discipline of Islamic Jurisprudence, which deals with the methods by which legal injunctions can be derived from their original sources. Stages in the Development of Islamic Law The Prophet (peace be upon him) did not leave this world until after the edifice of the Sharî`ah was completed and its basis and general principles fully outlined. This has been established by a clear text from the Qur’ân: Today, I have perfected for you your religion and completed my favor upon you and have chosen for you Islam as your religion. At the same time, the Prophet (peace be upon him) did not leave for his Companions a fully codified Law. He left them with only a collection of principles and general rules and a number of specific injunctions and judicial verdicts that are found in the Qur’ân and Sunnah. This would almost have been sufficient for them if the authority of Islam had not spread beyond the confines of the Arabian Peninsula and met with circumstances and customs that the Muslims had never before encountered. When this happened, they disagreed on how these new factors fit in with the general principles of Islamic Law, its injunctions, and its objectives. That which is contained in the Qur’ân was a set of principles, the understanding of which was capable of being broadened and advanced with the broadening of the scope of human thought and the appearance of the new circumstances that Islam had to deal with when it came in contact with other cultures and customs. At this point in time, the Muslim scholars began to investigate issues and, in a religious light, derive laws for the circumstances of a more informed life. This advancement in the organization of Islamic Law was the result of the work of the Caliphs and those that followed them in accordance with what was suitable for the circumstances. In the newly opened territories where foreign peoples began entering the fold of Islam in droves, there was a pressing need to instruct them in the things that they were ignorant of and to clearly define the injunctions of the Sharî`ah. It was also necessary to apply these injunctions in a way that would properly regulate human interaction and clearly define the peoples’ rights. In this way, Islamic Law advanced over the ages, each successive generation contributing to its growth, until it became a great and awesome edifice, regulating in detail every type of human interaction and relationship. One who follows the historical development of Islamic Law will observe that it passed through different stages with respect to its formation, growth, and development over the past fourteen centuries. The writings in Law for every school of thought have seen development since the era of their founders, passing through different styles, from commentaries on original texts, to summaries and abridged works, and then to the great legal encyclopedias. Thereafter, writings began in the field of defining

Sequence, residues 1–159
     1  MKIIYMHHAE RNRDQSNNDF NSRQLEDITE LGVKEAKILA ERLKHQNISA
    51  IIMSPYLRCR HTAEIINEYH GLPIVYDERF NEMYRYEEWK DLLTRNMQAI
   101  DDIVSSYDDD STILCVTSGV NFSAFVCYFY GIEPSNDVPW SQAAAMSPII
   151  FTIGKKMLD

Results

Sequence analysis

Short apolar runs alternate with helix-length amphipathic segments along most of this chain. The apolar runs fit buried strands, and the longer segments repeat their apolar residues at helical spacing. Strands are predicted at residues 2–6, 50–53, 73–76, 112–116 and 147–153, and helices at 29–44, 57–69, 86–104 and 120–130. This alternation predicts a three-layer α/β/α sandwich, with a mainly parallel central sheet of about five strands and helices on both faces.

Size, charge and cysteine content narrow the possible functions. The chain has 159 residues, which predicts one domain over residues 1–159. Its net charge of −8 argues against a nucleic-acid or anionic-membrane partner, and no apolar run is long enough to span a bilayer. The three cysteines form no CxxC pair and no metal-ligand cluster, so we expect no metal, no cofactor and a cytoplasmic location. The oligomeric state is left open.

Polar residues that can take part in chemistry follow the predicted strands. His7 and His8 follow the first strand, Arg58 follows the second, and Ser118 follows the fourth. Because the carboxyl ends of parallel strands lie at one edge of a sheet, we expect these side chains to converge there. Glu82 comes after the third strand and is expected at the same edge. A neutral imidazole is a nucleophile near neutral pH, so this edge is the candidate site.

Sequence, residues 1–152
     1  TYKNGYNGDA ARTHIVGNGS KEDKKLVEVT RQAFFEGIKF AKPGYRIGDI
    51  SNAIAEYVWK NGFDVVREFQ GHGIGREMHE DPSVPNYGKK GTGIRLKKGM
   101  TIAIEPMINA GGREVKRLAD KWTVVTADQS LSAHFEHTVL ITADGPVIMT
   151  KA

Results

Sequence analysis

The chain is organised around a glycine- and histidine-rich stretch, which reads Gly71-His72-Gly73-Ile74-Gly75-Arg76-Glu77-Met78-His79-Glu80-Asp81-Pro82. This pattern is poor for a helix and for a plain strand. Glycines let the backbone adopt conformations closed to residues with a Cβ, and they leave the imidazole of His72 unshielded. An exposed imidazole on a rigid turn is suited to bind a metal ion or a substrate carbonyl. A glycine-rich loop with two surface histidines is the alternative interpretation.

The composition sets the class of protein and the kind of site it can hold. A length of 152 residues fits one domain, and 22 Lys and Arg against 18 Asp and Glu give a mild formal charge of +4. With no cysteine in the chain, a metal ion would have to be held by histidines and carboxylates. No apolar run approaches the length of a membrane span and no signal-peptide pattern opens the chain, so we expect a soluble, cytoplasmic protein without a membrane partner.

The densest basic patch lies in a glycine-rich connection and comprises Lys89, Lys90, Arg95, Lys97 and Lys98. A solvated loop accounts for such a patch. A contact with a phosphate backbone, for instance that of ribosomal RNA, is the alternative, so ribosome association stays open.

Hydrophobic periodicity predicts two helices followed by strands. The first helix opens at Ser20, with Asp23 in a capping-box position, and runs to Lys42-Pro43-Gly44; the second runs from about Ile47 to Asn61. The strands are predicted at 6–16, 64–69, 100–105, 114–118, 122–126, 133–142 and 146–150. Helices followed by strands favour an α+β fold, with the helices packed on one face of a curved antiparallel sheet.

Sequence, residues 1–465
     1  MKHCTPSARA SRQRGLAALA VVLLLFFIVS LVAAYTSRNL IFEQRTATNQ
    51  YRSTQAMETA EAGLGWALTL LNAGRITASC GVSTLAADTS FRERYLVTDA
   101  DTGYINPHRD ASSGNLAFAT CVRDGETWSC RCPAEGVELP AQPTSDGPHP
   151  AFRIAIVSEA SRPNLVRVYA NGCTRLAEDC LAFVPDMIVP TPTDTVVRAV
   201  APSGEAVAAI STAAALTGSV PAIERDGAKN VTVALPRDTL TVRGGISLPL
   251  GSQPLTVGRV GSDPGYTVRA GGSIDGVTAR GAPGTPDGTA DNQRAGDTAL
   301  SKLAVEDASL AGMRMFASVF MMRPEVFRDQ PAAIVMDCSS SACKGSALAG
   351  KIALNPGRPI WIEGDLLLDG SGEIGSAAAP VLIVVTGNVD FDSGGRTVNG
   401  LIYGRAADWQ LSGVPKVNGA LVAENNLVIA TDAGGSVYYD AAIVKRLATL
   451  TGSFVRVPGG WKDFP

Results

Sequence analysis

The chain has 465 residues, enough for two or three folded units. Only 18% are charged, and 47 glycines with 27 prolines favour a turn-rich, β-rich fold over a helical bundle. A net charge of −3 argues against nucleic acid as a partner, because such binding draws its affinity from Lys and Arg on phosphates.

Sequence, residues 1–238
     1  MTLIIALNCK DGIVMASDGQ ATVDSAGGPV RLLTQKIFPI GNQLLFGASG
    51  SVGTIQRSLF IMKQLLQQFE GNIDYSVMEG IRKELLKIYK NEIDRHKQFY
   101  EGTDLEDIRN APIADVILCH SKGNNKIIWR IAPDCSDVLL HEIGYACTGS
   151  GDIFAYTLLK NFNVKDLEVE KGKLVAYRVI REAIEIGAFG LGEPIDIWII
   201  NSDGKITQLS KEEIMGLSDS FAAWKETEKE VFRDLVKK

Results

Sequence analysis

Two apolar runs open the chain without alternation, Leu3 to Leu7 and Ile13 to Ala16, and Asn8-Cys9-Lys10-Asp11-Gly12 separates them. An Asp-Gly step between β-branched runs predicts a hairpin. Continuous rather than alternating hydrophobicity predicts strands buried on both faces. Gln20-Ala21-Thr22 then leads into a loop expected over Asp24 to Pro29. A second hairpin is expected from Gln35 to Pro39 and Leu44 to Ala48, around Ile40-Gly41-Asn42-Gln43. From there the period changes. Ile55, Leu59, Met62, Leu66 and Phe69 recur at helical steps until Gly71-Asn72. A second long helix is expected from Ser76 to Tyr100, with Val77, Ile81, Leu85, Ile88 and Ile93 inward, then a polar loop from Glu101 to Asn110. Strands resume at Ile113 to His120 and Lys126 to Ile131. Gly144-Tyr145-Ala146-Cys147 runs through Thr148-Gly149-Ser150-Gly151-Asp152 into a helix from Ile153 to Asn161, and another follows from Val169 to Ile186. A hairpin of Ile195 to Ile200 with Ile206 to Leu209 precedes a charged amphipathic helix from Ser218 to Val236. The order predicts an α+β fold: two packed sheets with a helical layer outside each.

general axioms of Islamic Law that included comparing and grouping injunctions according to patterns evident in the legislations. The field of Comparative Law also developed, as well as Legal Theory, the codification of definitions, and the formulation of formal legal codes. It is possible to outline the stages of development that Islamic law passed through by dividing it into the following seven stages: 1. The prophetic era, comprising the life of the Prophet (peace be upon him). This era saw the completion of the edifice of the Sharî`ah and the completion of the religion. 2. The era of the rightly guided Caliphs and the period that followed it up to the middle of the first century A.H. This period and the one that preceded it are considered the preliminary stage for the codification of Islamic Law. 3. From the middle of the first century A.H. to the beginning of the second. At this stage, Islamic Law became a distinct science of its own that scholars would specialize in. Schools of thought were formed in this period, which is the stage that Islamic Law as a science was established. 4. From the beginning of the second century to the middle of the fourth. During this stage, the codification of Islamic Law was completed. 5. From the middle of the fifth century to the fall of Baghdad at the hands of the Tatars in the middle of the seventh century. At this stage, the writings in the field of Islamic Law started to become rigid and beset by blind following. 6. From the middle of the seventh century to the to the beginning of the modern era. This stage is one of weakness with regard to the methodologies employed in the codification of Islamic Law. 7. From the middle of the thirteenth century A.H. to the present day. During this period, studies in Islamic Law broadened considerably, especially in the field of Comparative Law and in the critical study of the major classical works in the field. The Sources of Islamic Law What we mean by "the sources of Islamic Law" are the types of evidence that the Lawgiver set down as valid proofs for the injunctions. The jurists unanimously agree upon some of these types of evidence, these being the Qur’ân, the Sunnah, and juristic consensus. The majority of scholars also recognize juristic analogy as a fourth source of evidence. Added to this are secondary forms of evidence like juristic discretion, customary